- 5Aug 18, '12 by malamud69Quote from SensibilityDo you have retrograde amnesia??? Amazing how "all of this stuff" just seemed to happen during the Obama administration??? Your continuum of contradictory statements born of some primal fear are astounding...I wonder how you will feel when the day comes that this all nurturing "republican" government you speak so highly of pulls the rug out from under you (or you simply begin to use your frontal lobe) and you are now one of these people that doesn't have any money and might possibly need help for any number of later life reasons, what then??? No man is an island.You don't necessarily need to be a nurse to be a member of this board. Nobody checks to make sure. Please be careful of people that might very well be plants who are obviously giving fallacious information to support socialized medicine. The one guy that said that we have 700 billion dollars in reserve for this is flat out lying. Jeweles26 is giving the right information. We are going to see huge cuts in our salaries and our taxes will go out of the stratosphere meaning less money. Will we be able to reverse this once we're in? Probably not. Most people who support the democratic agenda are constantly arguing that republicans put money into the pocket of the rich. I am sick to death of that argument because it is not true. What a system like the republicans propose does is allow people to prosper, which then causes others to prosper. It means that those people have ability to hire other people and more and more money is available to spend on the things we like. It is just a fact of life that some folks are have more money than others but those people generate jobs for others and hire small businesses to do work etc. My husband's small business is nearly going under with this democratic government especially because of food and gas prices and taxes. See, if you start out with a small business idea, you can prosper under a republican government. Often those who don't have money are the ones who don't want to work. Technically, you could get by in this world with just a few basic items and they want the government to provide those things instead of working hard and making something of themselves. Under a democratic government, it is impossible to prosper because if you make more money, it is less because it places you in a tax bracket where you have to pay more out. So in essence, your situation hasn't changed even though you are supposedly making more. Can you see that? The socialized health care will only further that agenda. Eventually, some treatments will be denied and people will die. Why? Simply because there is not enough money for chronic illnesses that might burden the system. Guess who will survive those things? People who happen to have money. So again, the rich are the only ones who prosper under this where today, those same people get excellent care.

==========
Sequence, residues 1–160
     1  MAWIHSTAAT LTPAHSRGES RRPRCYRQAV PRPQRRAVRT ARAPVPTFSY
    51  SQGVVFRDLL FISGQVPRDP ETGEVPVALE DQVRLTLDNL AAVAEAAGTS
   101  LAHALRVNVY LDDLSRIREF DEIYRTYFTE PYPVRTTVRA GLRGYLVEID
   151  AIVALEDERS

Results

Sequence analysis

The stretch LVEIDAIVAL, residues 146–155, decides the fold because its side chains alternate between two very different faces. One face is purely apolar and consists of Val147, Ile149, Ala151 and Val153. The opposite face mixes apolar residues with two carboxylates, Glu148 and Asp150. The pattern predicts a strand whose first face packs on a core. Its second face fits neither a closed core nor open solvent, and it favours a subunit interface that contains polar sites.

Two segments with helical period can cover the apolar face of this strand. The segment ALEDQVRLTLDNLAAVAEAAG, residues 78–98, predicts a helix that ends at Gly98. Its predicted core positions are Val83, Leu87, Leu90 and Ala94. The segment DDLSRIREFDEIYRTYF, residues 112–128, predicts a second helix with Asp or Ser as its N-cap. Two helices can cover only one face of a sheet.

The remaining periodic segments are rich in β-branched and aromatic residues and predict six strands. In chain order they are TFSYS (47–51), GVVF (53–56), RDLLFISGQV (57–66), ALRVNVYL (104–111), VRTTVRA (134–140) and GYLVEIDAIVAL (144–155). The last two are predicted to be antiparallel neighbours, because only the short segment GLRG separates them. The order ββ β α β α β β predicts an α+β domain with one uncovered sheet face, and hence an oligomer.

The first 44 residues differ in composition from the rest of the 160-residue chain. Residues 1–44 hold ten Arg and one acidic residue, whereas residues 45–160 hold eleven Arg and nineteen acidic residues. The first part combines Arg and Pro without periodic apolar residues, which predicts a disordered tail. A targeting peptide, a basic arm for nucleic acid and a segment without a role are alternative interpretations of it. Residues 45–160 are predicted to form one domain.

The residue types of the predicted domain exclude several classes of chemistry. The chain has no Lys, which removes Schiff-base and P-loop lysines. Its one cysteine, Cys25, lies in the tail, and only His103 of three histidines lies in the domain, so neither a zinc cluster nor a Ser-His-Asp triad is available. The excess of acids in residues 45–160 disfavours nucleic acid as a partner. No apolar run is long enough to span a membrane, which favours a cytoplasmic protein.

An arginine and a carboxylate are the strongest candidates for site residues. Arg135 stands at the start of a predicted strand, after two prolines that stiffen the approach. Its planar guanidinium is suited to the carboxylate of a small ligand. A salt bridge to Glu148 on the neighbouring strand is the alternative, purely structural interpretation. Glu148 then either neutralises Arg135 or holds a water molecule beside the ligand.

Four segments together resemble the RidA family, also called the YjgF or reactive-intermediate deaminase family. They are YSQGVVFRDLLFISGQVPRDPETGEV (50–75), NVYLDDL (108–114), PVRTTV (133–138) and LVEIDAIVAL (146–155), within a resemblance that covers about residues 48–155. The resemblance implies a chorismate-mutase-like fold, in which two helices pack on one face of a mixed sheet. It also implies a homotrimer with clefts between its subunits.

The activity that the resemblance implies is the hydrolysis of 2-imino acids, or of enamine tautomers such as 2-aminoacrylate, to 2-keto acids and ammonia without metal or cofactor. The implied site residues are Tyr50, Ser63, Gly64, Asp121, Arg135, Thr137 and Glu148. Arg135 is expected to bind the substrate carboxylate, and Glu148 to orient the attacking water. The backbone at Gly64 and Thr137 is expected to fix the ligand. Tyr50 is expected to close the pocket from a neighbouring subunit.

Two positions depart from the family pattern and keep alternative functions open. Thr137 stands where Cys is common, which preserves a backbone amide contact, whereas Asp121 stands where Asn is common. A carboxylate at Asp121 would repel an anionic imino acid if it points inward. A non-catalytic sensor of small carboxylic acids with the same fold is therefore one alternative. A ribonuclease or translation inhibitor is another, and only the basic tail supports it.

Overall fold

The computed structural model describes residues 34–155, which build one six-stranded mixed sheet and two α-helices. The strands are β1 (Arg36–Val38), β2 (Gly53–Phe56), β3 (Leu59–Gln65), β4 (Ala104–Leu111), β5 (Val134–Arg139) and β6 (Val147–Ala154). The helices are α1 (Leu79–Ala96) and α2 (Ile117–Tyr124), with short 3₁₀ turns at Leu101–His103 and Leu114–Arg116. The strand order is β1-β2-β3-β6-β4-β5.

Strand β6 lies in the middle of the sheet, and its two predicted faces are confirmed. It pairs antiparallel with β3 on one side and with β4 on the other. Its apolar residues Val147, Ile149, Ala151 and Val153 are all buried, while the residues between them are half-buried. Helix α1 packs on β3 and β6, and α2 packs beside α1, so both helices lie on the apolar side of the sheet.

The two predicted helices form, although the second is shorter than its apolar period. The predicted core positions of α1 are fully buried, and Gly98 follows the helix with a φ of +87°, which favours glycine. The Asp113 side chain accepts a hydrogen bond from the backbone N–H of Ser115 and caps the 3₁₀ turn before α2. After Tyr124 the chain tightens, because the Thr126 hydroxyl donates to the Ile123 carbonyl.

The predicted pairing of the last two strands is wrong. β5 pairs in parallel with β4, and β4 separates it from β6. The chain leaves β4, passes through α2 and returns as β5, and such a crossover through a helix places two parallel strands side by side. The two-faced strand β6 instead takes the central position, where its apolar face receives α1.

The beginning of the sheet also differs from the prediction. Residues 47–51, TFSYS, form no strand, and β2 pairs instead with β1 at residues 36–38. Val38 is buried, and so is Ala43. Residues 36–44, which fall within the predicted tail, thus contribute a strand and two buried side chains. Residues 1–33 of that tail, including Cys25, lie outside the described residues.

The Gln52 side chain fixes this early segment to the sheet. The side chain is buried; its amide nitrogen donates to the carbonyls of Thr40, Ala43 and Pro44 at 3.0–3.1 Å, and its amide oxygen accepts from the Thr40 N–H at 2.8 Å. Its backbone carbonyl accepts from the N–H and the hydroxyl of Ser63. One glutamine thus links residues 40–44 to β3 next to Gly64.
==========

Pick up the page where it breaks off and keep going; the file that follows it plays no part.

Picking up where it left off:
- 3Aug 18, '12 by OCNRN63Quote from SC_RNDudeLike insurance companies haven't been doing this for decades.There are many ways to answer that question. Since in the last few days there has been a lot in the news about how Paul Ryan wants to change Medicare, let's look at home Obama has already changed Medicare.
Obamacare emphasizes control of healthcare by the government. By law, a panel of government officials will be empowered to make changes to Medicare that will reduce Medicare spending by 716 billion dollars in the next 10 years. They will do this by paying physicians and hospitals less. To do that, the panel will determine what procedures will and will not be paid for by medicare. In other words, healthcare wil be rationed.